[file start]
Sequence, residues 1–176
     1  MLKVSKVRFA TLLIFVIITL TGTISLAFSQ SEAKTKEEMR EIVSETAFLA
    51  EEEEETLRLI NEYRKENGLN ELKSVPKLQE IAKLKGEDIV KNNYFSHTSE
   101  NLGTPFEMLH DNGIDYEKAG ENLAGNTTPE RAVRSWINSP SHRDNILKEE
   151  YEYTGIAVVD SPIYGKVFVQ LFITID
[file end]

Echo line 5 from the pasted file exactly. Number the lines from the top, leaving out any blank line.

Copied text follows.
   151  YEYTGIAVVD SPIYGKVFVQ LFITID